A former member of a popular New Zealand music group accused of domestic violence is appealing a judge's decision to allow his name to be published.

The entertainer was kicked out of the band in April after allegations of an assault against his ex-partner surfaced on Facebook.

He has pleaded not guilty to a charge of male assaults female, which was later amended to common assault.

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Since appearing in a court in the Wellington region for the first time in April, interim suppression orders for the defendant have been repeatedly made so that more information could be gathered on how his identification would adversely affect the band he was a part of.

The alleged assault has nothing to do with the band, and after the allegations came out on social media the band released a statement saying they had removed him as a member and did not condone domestic violence.

Judge Arthur Tompkins today lifted name suppression for the man, whose identity has been kept a secret for more than three months.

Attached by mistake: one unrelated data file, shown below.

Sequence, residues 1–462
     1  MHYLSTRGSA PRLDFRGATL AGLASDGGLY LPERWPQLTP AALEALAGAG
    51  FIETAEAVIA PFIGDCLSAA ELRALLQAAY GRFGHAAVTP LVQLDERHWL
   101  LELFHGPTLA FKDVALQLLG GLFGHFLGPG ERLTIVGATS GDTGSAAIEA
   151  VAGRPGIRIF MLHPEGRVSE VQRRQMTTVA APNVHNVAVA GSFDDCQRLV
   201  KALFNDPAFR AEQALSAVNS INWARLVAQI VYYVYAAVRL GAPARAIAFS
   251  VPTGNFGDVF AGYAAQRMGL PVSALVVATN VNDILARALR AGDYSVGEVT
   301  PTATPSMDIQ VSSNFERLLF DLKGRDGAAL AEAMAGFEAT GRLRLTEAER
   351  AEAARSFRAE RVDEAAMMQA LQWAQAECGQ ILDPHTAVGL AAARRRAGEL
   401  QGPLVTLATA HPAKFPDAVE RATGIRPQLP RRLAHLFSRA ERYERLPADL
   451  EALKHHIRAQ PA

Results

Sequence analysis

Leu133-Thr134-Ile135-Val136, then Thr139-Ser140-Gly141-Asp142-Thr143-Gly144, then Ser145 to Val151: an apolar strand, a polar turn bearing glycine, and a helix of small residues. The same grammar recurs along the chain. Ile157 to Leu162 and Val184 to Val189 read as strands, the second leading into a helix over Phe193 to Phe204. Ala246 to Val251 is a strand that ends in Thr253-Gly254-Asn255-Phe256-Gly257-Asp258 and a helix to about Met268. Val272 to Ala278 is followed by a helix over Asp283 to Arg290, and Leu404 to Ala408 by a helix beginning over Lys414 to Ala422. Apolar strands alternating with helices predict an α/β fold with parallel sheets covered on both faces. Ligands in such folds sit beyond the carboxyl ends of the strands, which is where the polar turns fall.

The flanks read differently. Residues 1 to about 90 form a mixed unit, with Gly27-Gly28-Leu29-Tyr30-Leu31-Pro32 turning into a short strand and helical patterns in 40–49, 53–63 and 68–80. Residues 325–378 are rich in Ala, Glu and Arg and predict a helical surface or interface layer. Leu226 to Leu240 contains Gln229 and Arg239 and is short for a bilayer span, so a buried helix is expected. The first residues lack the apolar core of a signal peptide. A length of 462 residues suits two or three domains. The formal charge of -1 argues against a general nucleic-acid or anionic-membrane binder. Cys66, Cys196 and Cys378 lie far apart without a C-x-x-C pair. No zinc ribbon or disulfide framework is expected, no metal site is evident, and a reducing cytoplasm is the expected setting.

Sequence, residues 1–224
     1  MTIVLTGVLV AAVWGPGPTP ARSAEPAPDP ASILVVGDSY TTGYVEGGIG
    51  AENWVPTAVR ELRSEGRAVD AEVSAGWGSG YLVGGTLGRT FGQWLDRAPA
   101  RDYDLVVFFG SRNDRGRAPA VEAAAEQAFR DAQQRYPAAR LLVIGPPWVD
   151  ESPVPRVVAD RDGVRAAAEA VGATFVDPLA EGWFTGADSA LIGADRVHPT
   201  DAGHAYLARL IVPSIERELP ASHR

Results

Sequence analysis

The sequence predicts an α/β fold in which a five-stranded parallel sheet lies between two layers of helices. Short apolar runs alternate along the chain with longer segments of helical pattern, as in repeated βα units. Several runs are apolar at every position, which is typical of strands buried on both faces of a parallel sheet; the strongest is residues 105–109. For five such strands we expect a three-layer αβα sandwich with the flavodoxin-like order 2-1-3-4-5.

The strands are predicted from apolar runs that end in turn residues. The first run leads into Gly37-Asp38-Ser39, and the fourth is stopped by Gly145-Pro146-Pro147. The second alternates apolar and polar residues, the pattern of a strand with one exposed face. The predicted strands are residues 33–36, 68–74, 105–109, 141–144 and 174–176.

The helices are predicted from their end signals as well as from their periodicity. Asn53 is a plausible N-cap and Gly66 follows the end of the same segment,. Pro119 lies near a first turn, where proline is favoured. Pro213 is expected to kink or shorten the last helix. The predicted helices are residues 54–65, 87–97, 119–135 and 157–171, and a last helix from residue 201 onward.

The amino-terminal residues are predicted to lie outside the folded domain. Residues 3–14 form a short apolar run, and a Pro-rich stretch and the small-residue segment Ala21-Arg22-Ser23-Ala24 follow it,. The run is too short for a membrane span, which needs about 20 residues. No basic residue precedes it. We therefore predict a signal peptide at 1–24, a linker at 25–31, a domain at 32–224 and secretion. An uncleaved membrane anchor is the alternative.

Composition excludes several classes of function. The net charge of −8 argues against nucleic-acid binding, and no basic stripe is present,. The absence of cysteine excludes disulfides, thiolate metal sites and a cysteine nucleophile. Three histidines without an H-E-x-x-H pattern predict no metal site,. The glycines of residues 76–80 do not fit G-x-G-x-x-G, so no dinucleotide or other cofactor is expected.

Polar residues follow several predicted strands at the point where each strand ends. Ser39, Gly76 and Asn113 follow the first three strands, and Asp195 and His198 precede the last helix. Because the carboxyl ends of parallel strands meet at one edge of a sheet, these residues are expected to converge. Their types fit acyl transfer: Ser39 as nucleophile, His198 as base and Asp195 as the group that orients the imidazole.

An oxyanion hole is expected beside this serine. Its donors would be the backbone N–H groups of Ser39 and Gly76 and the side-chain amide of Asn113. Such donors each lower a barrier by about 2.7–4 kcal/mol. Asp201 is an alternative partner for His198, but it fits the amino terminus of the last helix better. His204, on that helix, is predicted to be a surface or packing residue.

But the man's defence lawyer, Elizabeth Hall, notified Judge Tompkins they would be appealing the decision to lift suppression, meaning the man's name must remain suppressed until the appeal is dealt with.

The argument for suppression revolves around the claim identifying him would cause extreme financial hardship to his former band.

At the man's last appearance a month ago, he was denied diversion for the alleged offending.

Diversion is a scheme operated by the police that allows first-time offenders to be dealt with outside the court system and avoid getting a criminal record, while still taking responsibility for their offending.

The man will next appear in court in October.

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